Second-Opinion Trial in Patients Recommended for Coronary Angiography

John F. Schneider, MD
JAMA. 1993;269(12):1504. doi:10.1001/jama.1993.03500120041013.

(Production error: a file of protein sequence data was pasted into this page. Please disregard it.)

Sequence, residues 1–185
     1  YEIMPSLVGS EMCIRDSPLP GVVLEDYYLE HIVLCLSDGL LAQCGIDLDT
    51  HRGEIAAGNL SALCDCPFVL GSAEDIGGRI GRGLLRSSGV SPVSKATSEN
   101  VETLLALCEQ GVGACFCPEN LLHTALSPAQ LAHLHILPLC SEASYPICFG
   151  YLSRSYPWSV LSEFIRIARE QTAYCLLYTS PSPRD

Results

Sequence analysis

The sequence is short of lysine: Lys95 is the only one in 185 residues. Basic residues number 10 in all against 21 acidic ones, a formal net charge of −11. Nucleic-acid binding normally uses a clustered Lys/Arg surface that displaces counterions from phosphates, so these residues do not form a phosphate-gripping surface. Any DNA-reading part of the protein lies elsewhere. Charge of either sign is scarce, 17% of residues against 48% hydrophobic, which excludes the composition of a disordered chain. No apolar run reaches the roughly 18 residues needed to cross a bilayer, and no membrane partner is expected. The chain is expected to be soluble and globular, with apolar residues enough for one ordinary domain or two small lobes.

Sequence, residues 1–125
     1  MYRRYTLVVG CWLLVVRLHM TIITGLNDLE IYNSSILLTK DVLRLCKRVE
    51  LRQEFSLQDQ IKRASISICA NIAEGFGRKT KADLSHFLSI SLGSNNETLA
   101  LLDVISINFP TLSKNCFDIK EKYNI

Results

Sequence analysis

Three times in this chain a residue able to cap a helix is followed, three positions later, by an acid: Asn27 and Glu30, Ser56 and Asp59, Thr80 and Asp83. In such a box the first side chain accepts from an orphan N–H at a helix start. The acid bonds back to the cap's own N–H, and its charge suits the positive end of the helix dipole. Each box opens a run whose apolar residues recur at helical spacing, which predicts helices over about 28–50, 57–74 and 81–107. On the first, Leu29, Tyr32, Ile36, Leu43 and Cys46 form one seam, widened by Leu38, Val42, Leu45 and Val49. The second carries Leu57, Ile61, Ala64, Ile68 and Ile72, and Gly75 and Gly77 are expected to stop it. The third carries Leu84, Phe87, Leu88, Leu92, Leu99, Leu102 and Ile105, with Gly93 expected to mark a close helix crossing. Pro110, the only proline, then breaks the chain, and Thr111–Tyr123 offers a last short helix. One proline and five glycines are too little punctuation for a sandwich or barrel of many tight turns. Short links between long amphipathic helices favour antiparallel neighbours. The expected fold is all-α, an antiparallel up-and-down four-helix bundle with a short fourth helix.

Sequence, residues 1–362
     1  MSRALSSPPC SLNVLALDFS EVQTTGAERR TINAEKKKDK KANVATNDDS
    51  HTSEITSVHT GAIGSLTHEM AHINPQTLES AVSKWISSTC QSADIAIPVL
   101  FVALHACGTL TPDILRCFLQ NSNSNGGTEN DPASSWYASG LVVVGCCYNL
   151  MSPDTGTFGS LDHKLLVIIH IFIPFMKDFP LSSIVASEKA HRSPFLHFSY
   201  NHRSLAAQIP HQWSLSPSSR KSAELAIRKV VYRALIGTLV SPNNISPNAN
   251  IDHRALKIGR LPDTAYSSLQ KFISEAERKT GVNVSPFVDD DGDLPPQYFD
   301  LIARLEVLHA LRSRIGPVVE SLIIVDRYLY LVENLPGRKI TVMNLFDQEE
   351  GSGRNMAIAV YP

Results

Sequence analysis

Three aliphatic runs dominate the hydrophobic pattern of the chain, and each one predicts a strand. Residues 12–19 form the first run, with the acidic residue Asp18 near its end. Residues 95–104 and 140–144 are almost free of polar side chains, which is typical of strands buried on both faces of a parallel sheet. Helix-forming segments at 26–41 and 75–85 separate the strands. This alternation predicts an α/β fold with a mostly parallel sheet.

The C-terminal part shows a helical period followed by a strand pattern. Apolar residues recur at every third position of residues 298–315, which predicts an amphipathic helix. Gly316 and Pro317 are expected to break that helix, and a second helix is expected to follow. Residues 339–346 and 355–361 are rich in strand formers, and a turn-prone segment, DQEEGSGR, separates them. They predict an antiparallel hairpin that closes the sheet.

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To the Editor.  —Since its inception almost 40 years ago, selective coronary angiography has become the cornerstone of both the accurate diagnosis and clinical management of patients suspected of having coronary artery disease. Immense technological advances have rendered the procedure a safe, minimally uncomfortable, and accurate technique that is now often performed in an outpatient setting. The procedure has also documented the fact that the clinical diagnosis of angina pectoris based on history and noninvasive techniques alone can be inaccurate in as many as 15% to 20% of patients in whom it is suspected.1A normal coronary angiogram often frees a patient who would otherwise be suspected of having coronary disease from a lifetime of inappropriate medical therapy as well as from considerable physical and psychological disability. Recognition of several angiographic patterns of coronary disease, such as severe left main coronary narrowing or two- or three-vessel disease with an


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